Plants

Plants

Helen Freeston

Wildlife gardening doesn't have to mean leaving untidy areas, creating vast wildflower meadows or planting only native plants.

You can create a beautiful garden while still attracting wildlife. And wildlife can help your garden too! You'll need the help of bees to pollinate your crop if you grow fruit or vegetables, and by choosing your plants wisely, you can attract all sorts of beneficial insects to your garden. 

Adding just a few wildlife friendly plants can make a real difference to bees, hoverflies, moths, butterflies and birds.

A mix of native and non-native plants give a longer flowering season and provide a more consistent food source. For smaller gardens or window boxes look out for dwarf varieties suitable for pots and tubs.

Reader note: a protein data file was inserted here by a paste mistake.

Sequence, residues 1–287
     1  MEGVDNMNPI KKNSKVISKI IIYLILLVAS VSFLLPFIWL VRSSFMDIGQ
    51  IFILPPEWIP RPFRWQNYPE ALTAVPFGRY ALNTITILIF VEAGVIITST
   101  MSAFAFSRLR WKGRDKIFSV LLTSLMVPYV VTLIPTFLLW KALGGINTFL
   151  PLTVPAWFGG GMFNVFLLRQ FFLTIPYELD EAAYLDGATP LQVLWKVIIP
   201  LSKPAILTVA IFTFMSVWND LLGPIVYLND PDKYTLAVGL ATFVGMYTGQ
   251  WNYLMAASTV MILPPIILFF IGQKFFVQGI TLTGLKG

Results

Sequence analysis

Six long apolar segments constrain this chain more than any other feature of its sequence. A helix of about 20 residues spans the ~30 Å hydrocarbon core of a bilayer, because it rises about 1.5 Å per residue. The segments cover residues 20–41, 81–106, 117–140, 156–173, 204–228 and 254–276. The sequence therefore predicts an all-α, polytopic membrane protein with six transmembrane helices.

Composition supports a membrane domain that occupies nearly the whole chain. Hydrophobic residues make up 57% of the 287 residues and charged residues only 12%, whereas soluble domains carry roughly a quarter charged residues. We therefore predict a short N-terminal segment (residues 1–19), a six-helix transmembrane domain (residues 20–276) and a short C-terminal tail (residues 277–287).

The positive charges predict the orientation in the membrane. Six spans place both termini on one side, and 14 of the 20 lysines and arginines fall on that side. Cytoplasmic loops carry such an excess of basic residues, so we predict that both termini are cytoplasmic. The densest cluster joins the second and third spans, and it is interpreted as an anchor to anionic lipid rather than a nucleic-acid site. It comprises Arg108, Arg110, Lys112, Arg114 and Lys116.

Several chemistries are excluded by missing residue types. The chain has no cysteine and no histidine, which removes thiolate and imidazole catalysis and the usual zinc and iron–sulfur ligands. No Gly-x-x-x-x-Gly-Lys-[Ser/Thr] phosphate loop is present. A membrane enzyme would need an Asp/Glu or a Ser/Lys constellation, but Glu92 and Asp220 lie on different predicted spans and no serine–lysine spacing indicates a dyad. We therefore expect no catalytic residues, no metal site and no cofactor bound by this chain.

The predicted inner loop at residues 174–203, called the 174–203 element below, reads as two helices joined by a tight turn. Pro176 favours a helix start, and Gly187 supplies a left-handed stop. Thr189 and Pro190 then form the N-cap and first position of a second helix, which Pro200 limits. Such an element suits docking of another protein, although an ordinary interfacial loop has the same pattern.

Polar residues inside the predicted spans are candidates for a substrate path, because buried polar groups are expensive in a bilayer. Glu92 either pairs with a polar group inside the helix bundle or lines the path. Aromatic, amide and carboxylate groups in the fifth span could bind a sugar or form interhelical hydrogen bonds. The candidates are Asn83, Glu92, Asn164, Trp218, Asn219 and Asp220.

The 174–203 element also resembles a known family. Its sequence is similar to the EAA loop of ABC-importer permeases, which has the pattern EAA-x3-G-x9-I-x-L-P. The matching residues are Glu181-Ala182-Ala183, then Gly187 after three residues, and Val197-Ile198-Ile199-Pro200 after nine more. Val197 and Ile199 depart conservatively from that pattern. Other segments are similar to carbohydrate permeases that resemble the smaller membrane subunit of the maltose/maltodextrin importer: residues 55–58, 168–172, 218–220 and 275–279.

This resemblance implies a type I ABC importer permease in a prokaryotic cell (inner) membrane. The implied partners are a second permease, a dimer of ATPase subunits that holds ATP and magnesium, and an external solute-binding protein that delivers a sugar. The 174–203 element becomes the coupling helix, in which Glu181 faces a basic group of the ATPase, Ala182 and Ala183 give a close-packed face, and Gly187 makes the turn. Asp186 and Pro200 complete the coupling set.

Download our planting for wildlife chart.

Buying wildlife friendly plants

Many garden centres, nurseries or online suppliers have sections dedicated to wildlife friendly plants. There are also many signs and symbols that are widely used to show if a plant is good for pollinators or butterflies, or if it is a native variety. While this can be a useful guide, sometimes the information can be confusing and conflicting. If you're able to, we recommend you go to a garden centre armed with these questions:

1. Is the plant in peat-free compost?
2. Is the plant good for pollinators?
3. Is the plant free of pesticides? In particular neonicotinoids?

You may be unable to find a garden centre that can say 'yes' to all three of these questions, but by asking it will give you a better idea as to which are more beneficial than others.